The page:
Monday, December 04, 2006

Martha Gellhorn & Ornette Coleman: A Dynamic Duo

...Everyone's heard outrageous tales of people paying their dues while trying to make their way in the world. Out here in L.A., there's no shortage of those because everyone's on the make in this town so, at any given moment, you're bound to run into somebody who'll do whatever it takes to get them one step closer to their desired goal -- whatever the cost. Let's face it, we've all got our crosses to bear but that doesn't mean that we should silently take it in the pants, cross our fingers and hope for the best. I've long embraced the fact that the only consistency in life is inconsistency-- no doubt, kid...

"If you don't have anything to write about, try hanging yourself", Ernest Hemingway once said when asked if he had any words of wisdom for scribes mired in the mental cul de sac of writers block. "If you succeed, then your worries are over. If you fail, then you'll have something to write about." I'm more than certain that Martha Gellhorn's bones are break-dancin' whenever someone utters that last one, considering the creative hell she went through after marrying the old man and the sea; the pain she must've had to endure as a writer married to him had have been soul-deadening...In her day, Martha was a courageous woman of letters and traveled all over the world to cover wars, people and current events in a time when most sisters (black, brown, white, yellow or whatever hue's appropriate) couldn't do a thing for themselves...this is a chick who hid in the catacombs with the French Resistence and wrote about it with a vengeance...I'll repeat: she hid in the catacombs with Le Resistance, player!

...the above alone qualifies Gellhorn as a rockin' writer but there's more to it than that. The articles she penned and the assignments she took made her quite the trailblazer, to be certain (her short stories and essays were hella tight too, yo-- I'd recommend taking a gander at her juxtaposed recollection of visiting Haiti to get a real grasp of he skills with the typewriter), too, I recall reading a Gellhorn piece she'd written about living in the shadow of her ex; always feeling like she had to prove herself over and over and over to no avail...despite the tone of that one piece, Gellhorn kept on writing, even when the chips were down. You can't get very far in this world sans a thick hide and Martha was one tough bitch (and I call her that with the utmost sincerity, no doubt)...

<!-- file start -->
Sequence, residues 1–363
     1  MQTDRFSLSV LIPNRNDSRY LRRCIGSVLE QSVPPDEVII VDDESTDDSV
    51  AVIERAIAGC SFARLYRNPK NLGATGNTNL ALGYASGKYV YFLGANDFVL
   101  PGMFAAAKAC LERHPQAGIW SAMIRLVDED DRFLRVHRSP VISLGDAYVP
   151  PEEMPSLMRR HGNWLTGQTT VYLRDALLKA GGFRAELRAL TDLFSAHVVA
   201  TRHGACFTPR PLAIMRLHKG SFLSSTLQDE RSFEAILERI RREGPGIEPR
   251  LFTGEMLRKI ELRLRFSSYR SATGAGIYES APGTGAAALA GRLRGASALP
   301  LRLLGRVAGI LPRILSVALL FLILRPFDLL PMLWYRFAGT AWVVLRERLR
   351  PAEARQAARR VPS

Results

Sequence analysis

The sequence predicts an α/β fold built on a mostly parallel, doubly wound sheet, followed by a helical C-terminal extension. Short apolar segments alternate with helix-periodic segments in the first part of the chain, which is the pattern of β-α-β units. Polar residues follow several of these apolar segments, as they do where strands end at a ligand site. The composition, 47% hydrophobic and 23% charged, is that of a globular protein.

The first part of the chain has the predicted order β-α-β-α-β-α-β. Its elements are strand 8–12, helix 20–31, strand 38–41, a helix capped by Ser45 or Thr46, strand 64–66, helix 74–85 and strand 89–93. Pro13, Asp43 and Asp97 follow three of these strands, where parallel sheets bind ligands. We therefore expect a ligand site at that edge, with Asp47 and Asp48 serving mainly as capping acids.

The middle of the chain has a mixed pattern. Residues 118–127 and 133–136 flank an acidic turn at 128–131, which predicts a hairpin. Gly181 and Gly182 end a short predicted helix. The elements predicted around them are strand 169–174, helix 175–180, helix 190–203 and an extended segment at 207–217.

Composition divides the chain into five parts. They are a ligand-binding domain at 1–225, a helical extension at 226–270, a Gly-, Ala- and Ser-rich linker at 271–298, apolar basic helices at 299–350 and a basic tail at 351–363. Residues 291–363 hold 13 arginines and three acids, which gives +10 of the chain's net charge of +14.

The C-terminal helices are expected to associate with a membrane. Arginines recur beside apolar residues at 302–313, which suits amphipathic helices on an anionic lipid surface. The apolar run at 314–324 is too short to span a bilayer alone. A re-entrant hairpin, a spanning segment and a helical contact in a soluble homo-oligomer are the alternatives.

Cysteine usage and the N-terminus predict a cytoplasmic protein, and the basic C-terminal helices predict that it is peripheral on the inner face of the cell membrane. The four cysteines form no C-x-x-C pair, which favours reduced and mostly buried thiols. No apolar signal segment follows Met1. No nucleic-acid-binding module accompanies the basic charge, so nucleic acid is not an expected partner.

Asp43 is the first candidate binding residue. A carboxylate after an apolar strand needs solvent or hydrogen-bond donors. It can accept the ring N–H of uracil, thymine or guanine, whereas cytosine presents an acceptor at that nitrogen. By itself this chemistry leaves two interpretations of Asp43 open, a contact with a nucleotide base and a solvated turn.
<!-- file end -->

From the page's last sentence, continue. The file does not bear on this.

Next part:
...Ornette Coleman, the avant garde jazz-man/ saxophone guru, came out here as a member in an outfit from Texas who summarily kicked him out of the group once they heard him "get loose" during their first live performance on stage-- they'd hired him without auditioning him. Stranded in a city where he knew nobody, dude was forced to take odd jobs as was feeling what he was reaching for as a musician-- Coleman would eventually resort to the glamorous, high-profile life of a lift operator in a department store; a job he held for many years. If put in the same position, many would've thrown in the towel, tucked tail and scampered back to Texas but not Coleman. Homebiscuit didn't just bite down hard on the pillow of reality and take it in the keyster, he held on to his day gig: working the elevator-- he religiously practiced on his axe in his car, in the building's parking structure, during his breaks until he'd mastered his muse and found what would become known as Free jazz -- that's dedication, son.

...The sleeper must awaken: I've always felt a strong connection with people like Gellhorn and Coleman because, they forged ahead even when the odds were stacked against them. Mind you, they weren't "stay-the-course stumble bums" sticking to an unknowable game plan because they hadn't thought things through. Artists like these accepted the fact that there was a larger, force at work; something greater than them that had to be tapped into and acquiescence to the status quo was not an option-- I try to strive daily to have the kind of creative beef someday but still I'm well aware, like the fictional horseman in the Robert Frost poem..."there's miles to go before I sleep...miles to go before I sleep...


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